Since I have moved to my larger space a year ago I have been working toward creating the larger scale mechanical grandfather clock.  I knew this was going to take some time and figuring out.  I don’t want to just make a big cabinet and hand it over to Ron.
Ron gave me the mechanical components to work with earlier this summer and I have been slowly getting familiar with this seemingly Rube Goldbergian contraption, and figuring out how I can design a cabinet around it.

I am fascinated with the look of the mechanical parts, and have been drawing inspiration from them.

Early Arts & Crafts clocks embrace this element by exposing the functioning parts of the clock and making it part of the design.

I love the weight and chain driven movement and want to start with a large scale wall clock design with exposed elements.

Earlier this year I made this shelf bracket originally not thinking of it as part of a clock design at all.  When Ron brought the parts over I did some playing around with the pendulum and a cardboard box and came up with this.  There’s something provocative about this to me.

It has become a shelf for holding the movement and has inspired some new designs.

These are some simple pine mock-ups that are some variations inspired by this
design idea.

By deconstructing the elements of what makes up a “mechanical clock” I am putting it back together in a design that draws from the past but is something that I can call my own, made in the “present time”
stay tuned for further developments . . . .

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Pasadena

I’ve just returned from my trip to Pasadena participating in the 19th annual Craftsman Weekend.  I want to thank all the people at Historic Pasadena who produce the event and and all the people who support it.

Pasadena is a community that treasures their rich architectural heritage as being the birthplace  of the Arts & Crafts movement in the southern California region.

It is here that the designers Green and Green were able to develop their craft to the highly revered state of perfection that is now recognized as one the important contributions to American design.   Having wealthy clients who were equally seduced by the wonderful climate and beauty of turn of the century Pasadena also helped.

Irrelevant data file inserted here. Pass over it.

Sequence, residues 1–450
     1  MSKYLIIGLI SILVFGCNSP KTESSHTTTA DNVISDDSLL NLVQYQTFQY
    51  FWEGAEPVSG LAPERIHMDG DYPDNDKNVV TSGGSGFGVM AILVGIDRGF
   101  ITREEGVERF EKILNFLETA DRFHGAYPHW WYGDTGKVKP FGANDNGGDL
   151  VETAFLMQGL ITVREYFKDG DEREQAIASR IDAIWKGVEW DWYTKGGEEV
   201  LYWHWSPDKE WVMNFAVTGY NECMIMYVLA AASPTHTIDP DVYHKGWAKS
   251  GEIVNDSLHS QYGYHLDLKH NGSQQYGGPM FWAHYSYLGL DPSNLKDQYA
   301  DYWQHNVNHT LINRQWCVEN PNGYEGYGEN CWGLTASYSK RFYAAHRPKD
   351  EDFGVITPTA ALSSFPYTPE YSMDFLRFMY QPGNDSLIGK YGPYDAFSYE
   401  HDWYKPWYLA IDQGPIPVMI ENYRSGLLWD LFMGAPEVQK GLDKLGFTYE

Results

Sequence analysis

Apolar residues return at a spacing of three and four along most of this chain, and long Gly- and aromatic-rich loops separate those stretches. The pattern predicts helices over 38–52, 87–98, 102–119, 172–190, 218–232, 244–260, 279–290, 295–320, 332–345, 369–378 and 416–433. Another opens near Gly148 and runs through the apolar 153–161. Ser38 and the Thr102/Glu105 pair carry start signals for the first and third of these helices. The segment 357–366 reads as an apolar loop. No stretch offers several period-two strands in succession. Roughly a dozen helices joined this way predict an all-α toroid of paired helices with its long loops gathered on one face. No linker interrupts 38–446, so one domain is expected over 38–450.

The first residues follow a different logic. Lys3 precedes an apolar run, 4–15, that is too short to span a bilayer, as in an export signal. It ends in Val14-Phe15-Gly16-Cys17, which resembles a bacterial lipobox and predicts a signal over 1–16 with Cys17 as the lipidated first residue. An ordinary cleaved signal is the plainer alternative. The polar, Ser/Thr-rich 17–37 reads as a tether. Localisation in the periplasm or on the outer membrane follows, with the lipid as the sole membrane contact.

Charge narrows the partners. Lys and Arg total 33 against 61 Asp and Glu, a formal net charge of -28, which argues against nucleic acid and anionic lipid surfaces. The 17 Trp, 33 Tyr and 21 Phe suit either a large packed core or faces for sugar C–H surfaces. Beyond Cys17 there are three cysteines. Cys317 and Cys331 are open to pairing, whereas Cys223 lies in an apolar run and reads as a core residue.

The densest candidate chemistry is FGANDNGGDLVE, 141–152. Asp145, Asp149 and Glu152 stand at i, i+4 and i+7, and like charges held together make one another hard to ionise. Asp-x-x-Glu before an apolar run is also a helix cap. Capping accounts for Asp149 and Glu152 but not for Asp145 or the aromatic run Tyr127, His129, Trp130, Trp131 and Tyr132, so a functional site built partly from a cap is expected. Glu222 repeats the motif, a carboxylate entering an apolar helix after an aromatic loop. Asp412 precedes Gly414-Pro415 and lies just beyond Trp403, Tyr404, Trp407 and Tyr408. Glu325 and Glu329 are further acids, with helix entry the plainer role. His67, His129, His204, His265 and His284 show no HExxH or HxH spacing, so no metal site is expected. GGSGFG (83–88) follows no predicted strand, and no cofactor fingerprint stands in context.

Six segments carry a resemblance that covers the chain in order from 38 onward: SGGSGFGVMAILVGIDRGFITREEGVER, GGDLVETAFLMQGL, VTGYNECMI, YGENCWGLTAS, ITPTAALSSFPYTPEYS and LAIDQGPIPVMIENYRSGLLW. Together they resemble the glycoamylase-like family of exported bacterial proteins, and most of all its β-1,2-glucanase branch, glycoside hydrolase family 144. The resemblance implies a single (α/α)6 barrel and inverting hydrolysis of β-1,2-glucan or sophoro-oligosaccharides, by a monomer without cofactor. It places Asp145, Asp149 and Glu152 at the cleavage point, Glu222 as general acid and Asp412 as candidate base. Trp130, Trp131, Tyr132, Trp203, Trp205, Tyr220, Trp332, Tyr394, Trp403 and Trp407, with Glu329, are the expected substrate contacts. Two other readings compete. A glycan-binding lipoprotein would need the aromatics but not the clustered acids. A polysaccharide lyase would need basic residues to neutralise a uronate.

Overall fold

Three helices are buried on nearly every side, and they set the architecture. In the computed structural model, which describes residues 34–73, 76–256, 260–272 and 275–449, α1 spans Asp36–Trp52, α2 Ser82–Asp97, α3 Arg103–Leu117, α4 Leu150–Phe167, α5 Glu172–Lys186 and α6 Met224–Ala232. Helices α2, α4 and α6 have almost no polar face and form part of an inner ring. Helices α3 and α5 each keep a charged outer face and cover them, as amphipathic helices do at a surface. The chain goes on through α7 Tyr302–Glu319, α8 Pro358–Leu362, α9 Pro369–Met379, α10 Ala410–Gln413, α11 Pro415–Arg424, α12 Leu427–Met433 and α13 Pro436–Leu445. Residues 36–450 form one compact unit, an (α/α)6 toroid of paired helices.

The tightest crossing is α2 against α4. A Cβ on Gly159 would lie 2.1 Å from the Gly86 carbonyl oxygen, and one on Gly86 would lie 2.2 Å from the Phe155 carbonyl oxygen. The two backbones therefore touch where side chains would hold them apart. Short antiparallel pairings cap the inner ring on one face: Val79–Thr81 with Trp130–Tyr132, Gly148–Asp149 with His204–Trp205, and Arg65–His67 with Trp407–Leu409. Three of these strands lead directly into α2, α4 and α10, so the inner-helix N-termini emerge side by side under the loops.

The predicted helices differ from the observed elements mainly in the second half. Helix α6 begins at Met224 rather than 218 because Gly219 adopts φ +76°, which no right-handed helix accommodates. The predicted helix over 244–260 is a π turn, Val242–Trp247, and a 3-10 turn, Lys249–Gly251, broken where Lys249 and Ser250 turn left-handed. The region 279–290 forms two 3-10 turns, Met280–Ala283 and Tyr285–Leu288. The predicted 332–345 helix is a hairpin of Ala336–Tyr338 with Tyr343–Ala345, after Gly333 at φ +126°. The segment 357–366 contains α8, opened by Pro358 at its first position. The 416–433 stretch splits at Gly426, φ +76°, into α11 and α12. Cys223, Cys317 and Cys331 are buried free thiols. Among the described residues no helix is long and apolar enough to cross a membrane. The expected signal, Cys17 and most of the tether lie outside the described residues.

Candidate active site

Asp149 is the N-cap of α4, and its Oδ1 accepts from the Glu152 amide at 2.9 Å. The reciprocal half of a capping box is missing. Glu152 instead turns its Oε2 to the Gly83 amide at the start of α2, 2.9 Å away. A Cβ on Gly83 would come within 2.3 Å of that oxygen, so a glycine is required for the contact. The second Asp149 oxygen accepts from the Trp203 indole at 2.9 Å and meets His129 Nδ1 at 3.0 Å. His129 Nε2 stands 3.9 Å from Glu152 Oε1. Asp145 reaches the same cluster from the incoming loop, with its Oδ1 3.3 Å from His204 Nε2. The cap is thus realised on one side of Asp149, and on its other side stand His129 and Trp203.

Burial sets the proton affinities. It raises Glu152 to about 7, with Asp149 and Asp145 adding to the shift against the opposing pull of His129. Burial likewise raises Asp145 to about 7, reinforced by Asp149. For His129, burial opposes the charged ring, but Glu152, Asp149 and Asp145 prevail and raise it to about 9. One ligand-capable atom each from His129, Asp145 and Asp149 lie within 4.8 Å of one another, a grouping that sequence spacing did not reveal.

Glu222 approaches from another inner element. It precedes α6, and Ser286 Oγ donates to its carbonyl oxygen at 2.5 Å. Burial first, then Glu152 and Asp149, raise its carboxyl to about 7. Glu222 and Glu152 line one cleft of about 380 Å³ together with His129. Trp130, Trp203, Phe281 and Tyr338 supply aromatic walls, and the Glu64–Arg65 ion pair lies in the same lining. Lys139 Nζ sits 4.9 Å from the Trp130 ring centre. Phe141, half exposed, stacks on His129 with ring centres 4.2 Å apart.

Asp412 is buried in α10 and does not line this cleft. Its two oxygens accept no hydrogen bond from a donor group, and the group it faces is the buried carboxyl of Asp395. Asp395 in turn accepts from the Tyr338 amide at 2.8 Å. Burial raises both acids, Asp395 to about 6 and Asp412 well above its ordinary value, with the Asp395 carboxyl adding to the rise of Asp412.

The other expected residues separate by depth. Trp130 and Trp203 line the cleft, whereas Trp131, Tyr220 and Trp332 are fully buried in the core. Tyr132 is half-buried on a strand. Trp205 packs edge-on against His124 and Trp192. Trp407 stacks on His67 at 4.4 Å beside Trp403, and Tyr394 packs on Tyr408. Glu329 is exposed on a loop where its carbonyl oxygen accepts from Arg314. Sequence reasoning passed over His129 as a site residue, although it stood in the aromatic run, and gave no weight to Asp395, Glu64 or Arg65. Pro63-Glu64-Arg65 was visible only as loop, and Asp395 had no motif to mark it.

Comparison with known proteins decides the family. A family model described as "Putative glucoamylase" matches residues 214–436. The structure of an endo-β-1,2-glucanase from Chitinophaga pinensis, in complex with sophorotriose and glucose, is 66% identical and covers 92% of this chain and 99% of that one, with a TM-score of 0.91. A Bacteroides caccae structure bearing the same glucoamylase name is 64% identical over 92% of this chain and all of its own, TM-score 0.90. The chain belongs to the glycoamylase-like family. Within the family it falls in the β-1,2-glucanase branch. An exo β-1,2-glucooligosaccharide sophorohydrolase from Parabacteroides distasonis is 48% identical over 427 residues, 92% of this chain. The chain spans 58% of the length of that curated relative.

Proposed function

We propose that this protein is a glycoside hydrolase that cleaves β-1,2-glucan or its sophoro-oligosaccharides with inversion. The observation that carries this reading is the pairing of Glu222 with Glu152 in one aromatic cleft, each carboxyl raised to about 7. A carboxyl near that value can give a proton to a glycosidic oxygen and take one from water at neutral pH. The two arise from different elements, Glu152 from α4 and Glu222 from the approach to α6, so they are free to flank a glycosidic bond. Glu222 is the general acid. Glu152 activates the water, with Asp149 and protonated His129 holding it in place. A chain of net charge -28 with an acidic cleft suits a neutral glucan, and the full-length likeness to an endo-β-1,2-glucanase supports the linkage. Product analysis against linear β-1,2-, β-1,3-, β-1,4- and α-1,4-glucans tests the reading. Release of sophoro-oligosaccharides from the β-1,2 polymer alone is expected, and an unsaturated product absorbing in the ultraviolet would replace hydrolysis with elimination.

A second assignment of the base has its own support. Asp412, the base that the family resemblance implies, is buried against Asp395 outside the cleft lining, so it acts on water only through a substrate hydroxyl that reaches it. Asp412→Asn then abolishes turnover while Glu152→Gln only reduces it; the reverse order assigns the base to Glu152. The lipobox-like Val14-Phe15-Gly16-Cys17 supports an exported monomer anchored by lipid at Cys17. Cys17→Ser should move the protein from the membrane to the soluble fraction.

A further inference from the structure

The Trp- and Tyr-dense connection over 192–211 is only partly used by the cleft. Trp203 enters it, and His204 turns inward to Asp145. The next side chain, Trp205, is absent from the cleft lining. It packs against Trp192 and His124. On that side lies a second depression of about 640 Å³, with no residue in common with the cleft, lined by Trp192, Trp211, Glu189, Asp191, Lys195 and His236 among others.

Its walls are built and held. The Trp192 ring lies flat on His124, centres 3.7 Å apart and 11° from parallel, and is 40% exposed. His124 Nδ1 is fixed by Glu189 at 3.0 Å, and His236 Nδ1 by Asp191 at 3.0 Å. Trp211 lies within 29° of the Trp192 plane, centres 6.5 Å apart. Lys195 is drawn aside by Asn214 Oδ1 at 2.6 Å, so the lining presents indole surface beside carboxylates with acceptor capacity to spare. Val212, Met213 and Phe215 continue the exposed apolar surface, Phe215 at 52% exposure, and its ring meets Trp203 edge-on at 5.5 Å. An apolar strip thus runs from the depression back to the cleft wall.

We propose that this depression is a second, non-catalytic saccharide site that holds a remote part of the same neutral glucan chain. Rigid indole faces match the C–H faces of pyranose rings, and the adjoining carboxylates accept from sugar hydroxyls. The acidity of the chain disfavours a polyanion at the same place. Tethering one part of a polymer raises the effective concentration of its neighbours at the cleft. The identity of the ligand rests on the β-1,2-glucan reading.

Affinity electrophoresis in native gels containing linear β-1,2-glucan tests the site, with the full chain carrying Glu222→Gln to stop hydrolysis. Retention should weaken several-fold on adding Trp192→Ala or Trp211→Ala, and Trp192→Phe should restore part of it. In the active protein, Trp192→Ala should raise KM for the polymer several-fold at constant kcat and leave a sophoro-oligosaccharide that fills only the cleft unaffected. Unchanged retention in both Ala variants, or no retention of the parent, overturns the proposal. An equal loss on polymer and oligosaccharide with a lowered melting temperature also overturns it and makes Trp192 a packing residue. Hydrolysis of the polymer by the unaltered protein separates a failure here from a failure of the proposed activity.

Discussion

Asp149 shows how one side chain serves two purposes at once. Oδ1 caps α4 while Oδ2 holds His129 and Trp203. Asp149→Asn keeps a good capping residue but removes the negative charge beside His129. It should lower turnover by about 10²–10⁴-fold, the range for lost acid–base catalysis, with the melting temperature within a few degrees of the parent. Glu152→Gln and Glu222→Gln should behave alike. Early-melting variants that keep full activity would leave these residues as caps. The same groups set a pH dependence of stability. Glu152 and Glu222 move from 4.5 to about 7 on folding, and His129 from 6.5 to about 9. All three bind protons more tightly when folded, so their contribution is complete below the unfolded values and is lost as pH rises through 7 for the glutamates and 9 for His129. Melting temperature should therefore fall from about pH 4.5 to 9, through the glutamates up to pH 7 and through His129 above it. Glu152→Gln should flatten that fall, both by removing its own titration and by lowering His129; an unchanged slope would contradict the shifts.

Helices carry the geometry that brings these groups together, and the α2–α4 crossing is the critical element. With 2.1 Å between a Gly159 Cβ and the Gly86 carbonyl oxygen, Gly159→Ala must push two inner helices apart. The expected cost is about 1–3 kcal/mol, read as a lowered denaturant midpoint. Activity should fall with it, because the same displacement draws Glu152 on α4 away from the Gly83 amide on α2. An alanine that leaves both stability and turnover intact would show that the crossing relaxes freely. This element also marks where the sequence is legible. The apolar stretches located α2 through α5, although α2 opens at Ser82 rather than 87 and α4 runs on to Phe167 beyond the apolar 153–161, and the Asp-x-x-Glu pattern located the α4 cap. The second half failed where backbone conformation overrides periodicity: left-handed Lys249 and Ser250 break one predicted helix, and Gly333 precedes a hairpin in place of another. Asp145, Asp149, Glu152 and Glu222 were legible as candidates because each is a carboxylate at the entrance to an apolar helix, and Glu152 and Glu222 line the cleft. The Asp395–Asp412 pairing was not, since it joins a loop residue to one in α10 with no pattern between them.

During Pasadena’s expansion during the 50’s through the 70’s many historic homes were lost to development and freeways, but the trend has reversed as the construction of major connecting freeways has been stopped because it cuts directly through an area of historic homes.
These homes are rightfully treated as treasure now and their owners seem to spare no expense to bring them back to their former glory. The interest in Arts and Crafts movement is very much still alive today in Pasadena.

I’m very happy with how I did at the show, bringing home far fewer clocks than I left with. It was also great to meet many of my past customers and having them let me know their clocks are still treasured items in their homes. I was able to re-connect with the Gamble House and meet Sarah the new director.  They will one again be featuring my clocks in the bookstore.

Perhaps the thing I value the most was making connections with so many extremely talented artists who were displaying their work at the show. It’s great to meet the person behind the ads I’ve seen American Bungalow or other magazines for years.  I only got to meet a handful of other exhibitors since we all have to pretty much stick around our booth for the whole weekend.

Across the isle from me was James Mattson of James Mattson Coppercrafts

http://www.jamesmattson.com

He does some very beautiful copper etching work, and one of the things he does are these simple walls clock with beautiful etched copper faces.